Even when I played it on the PS3 I thought the game looked great, but on a PS4 Pro it’s one of the better looking games I’ve played. The environments are incredible, and littered with small things that can spark conversation between the characters. I would wander into a room to find Ellie playing darts which made her character feel more like a real person, and not just a tag a long character. These moments and the detailed environments also improve the pacing of the game. There are many intense moments that will increase your heart rate, so it’s nice to have moments to calm down despite the darkness of the world. The bright lighting and signs of normalcy interspersed throughout the world really distinguish The Last of Us from other post apocalyptic game worlds. Ellie asking Joel about life before the outbreak humanize the experience, it’s not all violence and darkness (though there’s plenty of each for sure).
The variety of environments and encounters make the world of The Last of Us feel more real. It’s not filled with the same textures, which makes the game feel like an actual world rather than an assortment of levels that make for good combat zones. That said, the areas in which combat take place allow for a variety of ways to make it through them. You can try to sneak by without engaging anyone, you can sneak around and shiv people silently, or you can go in guns blazing. Each approach feels great, though at times ammo can be scarce. I played on easy, so the guns blazing approach worked well for me, but there were still times I found myself needing to scrounge around for ammo, and toward the end of the game I found myself worried I might run out. Luckily, I never did which kept the game from getting frustrating.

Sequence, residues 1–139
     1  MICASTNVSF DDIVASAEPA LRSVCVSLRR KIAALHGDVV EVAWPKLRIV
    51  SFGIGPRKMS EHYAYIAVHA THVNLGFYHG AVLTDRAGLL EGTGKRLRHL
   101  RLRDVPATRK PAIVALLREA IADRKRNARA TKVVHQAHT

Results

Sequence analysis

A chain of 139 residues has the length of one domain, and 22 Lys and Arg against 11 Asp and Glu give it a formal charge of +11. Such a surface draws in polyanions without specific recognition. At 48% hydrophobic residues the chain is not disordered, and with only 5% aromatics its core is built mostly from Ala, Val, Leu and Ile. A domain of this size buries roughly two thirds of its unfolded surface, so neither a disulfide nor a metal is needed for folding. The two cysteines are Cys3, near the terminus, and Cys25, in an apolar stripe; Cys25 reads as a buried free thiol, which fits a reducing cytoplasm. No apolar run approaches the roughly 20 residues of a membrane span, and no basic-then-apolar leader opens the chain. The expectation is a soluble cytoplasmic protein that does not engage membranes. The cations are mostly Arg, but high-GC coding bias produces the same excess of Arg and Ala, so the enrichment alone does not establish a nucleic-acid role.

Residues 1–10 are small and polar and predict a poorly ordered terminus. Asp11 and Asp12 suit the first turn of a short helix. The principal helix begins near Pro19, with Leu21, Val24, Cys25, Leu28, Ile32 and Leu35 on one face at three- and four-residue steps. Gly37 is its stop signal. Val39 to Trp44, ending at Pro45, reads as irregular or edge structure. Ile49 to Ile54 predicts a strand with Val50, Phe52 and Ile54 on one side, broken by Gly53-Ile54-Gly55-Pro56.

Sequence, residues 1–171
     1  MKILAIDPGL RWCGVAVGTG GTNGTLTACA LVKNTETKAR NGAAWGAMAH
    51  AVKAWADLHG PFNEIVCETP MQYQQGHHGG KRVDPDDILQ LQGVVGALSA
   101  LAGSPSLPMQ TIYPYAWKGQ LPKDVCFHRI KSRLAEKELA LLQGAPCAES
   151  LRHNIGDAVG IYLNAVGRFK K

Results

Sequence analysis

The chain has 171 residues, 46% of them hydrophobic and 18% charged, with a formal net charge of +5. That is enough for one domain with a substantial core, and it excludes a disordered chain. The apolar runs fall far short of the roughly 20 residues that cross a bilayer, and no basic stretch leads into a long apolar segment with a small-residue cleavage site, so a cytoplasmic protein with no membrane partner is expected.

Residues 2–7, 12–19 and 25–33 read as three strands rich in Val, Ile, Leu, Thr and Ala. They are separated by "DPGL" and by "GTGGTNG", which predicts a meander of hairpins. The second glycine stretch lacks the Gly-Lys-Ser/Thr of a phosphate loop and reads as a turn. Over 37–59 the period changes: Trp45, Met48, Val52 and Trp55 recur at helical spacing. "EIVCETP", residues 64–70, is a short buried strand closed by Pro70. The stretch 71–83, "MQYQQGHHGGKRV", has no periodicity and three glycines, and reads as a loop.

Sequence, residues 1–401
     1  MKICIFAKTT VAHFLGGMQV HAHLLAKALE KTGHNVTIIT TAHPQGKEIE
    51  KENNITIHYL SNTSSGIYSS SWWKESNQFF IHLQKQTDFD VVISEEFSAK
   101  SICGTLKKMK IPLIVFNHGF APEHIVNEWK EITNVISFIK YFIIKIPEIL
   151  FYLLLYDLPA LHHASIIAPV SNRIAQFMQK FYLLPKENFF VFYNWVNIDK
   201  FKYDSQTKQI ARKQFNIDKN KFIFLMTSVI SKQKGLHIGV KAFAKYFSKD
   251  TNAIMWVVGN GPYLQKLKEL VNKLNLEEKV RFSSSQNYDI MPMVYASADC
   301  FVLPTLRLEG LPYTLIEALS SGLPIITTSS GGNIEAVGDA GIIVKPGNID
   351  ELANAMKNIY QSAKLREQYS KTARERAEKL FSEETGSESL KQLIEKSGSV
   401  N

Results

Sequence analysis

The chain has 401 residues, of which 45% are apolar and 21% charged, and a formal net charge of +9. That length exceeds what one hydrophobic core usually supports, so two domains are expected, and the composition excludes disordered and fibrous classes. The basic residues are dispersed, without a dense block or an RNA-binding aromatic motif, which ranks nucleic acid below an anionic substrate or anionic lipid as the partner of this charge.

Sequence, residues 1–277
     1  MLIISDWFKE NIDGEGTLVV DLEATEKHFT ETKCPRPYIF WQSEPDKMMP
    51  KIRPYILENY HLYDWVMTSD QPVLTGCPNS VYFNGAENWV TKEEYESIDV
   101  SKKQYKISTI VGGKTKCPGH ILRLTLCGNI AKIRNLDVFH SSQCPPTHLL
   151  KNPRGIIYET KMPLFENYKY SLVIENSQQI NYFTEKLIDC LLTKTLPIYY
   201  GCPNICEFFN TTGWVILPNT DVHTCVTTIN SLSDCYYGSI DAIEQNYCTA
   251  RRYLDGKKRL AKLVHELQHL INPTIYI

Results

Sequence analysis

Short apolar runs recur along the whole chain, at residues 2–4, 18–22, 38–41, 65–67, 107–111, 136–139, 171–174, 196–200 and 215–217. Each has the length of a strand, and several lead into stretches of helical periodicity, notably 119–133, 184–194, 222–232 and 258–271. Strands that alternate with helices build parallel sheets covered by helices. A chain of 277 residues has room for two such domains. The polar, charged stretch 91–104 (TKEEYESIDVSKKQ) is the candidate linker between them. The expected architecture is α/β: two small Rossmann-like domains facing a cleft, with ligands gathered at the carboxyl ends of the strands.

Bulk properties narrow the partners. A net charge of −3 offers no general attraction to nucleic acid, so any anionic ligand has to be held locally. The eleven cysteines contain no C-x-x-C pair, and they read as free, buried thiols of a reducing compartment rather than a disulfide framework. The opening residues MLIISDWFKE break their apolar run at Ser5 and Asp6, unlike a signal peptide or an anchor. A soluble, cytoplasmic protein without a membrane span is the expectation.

The story of The Last of Us kept me engaged throughout. I always wanted to see what would happen next, though sometimes I had to force myself to step away to gather my thoughts. There’s a lot to take in, and it can weigh on you emotionally, which is something not a lot of games can do successfully. I feel like the weight of the story is similar to the Life is Strange series, as those are probably the only other games that made me want to step away from the game to unpack my emotions.
In the end, I think I’m going to take a bit of a breather before working through the Left Behind DLC, and ultimately firing up The Last of Us 2. If you haven’t had a chance to play The Last of Us, I highly recommend it, even if you play on easy it’s worth having the experience.